Tools Promoting Reuse-Evaluating Clean Energy for Contaminated Properties

Mathy Stanislaus Mathy Stanislaus

By Mathy Stanislaus

Last month while attending the Brownfields conference in Chicago, I spoke with numerous mayors, community members, developers, financiers, and many others working to revitalize their communities. One common theme I heard was the need for tools and resources that could be deployed at the community or site level to help facilitate the cleanup or reuse of degraded or blighted properties. Toward that end I am pleased to announce the release of our RE-Powering America’s Land electronic decision tree tool. It will let communities and stakeholders examine the key considerations associated with solar or wind development on a formerly contaminated property or a landfill.

You may not have thought about siting renewable energy on a landfill or formerly contaminated property but it presents a unique opportunity to transform dormant and degraded properties into productive community assets. To date, more than 150 renewable energy installations have been installed on contaminated lands, landfills and mine sites across the U.S., providing clean energy to power cleanups, on-site operations and community electricity needs. The Agency’s RE-Powering Initiative has supported and continues to advance this trend. Because of these projects, communities across the country have saved millions of dollars in energy costs, created construction jobs, and received new property tax revenue as a result of reusing these sites for renewable energy.

The electronic decision tree is a downloadable computer application that walks users through a series of questions supplemented by tips and links to relevant tools and information sources. The user is guided through various considerations associated with the site, redevelopment process, and criteria specific to landfills and contaminated properties. In addition, it helps users explore how the regulatory context, financial incentives and future electricity usage affect projects. You would think that the amount of sun and the site conditions would mainly determine feasibility; however, these other factors tend to dominate.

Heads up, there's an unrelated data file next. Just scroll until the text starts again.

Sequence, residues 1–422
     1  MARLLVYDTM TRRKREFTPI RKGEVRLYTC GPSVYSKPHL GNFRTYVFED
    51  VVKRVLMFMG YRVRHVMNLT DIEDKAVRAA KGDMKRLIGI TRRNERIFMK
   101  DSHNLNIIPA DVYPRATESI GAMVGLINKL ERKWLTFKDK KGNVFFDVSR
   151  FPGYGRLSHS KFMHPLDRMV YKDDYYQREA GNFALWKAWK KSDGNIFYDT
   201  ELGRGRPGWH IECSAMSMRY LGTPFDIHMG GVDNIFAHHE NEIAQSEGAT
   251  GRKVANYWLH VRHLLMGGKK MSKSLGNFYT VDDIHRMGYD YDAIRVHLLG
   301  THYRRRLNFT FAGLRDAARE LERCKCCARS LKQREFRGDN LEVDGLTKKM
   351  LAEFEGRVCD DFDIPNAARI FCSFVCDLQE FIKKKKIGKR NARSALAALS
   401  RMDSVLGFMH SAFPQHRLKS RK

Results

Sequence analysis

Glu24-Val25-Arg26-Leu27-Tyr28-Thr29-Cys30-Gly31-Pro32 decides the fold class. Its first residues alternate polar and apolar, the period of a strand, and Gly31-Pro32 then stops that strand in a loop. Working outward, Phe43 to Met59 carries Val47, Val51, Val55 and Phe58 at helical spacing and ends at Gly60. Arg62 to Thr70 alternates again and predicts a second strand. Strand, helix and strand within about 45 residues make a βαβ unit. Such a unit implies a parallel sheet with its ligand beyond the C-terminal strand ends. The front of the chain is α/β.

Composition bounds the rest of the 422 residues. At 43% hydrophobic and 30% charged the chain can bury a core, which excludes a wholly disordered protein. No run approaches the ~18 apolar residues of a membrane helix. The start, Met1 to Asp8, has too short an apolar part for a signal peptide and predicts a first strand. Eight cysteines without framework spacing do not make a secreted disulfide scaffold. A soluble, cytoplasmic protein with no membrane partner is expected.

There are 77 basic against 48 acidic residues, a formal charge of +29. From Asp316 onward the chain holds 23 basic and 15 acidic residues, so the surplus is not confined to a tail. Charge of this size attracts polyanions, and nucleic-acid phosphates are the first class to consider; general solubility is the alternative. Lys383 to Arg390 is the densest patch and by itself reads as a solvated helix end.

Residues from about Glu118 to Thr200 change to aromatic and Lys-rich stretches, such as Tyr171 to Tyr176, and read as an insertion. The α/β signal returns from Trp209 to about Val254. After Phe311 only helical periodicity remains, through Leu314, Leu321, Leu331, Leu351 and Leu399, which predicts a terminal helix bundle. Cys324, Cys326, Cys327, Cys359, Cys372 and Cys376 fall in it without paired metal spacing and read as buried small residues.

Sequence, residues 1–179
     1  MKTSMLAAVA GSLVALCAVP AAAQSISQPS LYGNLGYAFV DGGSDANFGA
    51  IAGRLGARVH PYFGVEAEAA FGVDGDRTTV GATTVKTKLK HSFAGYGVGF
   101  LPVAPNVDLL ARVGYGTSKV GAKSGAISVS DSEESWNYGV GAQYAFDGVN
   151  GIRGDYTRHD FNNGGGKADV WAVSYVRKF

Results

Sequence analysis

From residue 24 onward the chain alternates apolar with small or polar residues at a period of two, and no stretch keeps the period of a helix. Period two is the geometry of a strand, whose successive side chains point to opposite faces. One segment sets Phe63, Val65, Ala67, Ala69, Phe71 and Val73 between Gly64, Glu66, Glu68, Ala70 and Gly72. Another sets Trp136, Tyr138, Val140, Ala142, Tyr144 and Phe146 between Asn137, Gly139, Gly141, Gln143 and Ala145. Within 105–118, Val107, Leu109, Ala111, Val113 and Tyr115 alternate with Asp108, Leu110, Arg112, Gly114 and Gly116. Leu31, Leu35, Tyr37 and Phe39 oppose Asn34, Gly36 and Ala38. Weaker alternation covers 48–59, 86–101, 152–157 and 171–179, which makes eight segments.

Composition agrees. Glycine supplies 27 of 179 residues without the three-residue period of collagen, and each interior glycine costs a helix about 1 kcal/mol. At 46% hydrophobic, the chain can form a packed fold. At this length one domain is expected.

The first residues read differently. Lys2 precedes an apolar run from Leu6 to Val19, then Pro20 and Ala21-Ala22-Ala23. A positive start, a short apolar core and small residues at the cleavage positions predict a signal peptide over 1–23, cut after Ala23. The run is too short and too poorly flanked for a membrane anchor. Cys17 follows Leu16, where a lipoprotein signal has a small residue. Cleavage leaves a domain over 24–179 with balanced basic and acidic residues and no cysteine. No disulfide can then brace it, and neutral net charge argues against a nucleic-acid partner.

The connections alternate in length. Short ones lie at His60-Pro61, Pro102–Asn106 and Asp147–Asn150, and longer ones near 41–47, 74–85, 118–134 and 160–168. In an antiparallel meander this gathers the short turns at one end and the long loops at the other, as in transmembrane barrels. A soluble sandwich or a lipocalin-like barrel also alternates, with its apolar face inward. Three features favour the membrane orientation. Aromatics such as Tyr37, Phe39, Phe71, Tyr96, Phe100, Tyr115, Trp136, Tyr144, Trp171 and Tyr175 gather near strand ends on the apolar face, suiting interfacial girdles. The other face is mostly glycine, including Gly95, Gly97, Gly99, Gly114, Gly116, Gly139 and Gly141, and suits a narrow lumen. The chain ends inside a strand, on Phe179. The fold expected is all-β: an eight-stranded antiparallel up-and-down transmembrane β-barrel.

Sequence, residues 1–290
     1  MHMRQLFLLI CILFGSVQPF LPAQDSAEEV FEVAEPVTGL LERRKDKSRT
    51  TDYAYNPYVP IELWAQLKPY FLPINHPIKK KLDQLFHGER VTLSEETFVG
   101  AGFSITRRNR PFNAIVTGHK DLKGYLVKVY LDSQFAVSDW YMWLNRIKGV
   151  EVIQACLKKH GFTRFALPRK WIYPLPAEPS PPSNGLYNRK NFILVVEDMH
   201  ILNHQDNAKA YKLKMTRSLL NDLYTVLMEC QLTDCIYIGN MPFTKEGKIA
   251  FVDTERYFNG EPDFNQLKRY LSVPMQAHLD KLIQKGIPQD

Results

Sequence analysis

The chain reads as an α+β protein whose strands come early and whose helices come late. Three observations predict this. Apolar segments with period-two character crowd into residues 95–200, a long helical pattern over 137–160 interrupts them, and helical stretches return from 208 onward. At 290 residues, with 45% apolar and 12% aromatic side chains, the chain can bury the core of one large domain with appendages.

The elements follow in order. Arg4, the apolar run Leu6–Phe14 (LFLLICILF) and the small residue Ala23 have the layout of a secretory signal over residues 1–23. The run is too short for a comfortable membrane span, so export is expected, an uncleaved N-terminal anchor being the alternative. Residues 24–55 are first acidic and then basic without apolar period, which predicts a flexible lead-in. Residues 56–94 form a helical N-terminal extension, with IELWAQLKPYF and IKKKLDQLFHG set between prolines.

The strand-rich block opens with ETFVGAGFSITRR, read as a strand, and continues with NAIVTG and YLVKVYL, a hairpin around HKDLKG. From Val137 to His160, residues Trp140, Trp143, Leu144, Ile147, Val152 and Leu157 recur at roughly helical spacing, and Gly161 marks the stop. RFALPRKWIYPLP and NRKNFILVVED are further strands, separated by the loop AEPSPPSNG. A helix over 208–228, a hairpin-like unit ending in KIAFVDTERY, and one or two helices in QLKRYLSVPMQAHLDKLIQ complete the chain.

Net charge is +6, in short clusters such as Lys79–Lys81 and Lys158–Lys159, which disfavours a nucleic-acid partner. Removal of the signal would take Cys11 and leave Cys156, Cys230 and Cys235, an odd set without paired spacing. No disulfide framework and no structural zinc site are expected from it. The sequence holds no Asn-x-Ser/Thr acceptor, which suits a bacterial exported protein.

This new tool helps communities and other stakeholders explore their sites, engage developers and drive their vision of productive reuse. The tools inform and empower communities to plan and align their desires for economic development within a sustainable land management strategy.

RE-Powering encourages renewable energy on contaminated lands in a variety of ways by:

  • Identifying and screening contaminated properties
  • Disseminating success stories and best practices
  • Clarifying liability
  • Articulating associated environmental, economic and community benefits
  • Disseminating financing strategies and information on incentives
  • Highlighting favorable policies; and
  • Developing partnerships and pursuing outreach

Most of all, RE-Powering brings two important ideas together: the interest in cleaning up contaminated land and in siting renewable energy. And, all this in the context of what’s appropriate for the site and what is desired by the community.

Check out the new RE-Powering website and all its resources, its updated mapper and, of course, the new electronic decision tree tool.

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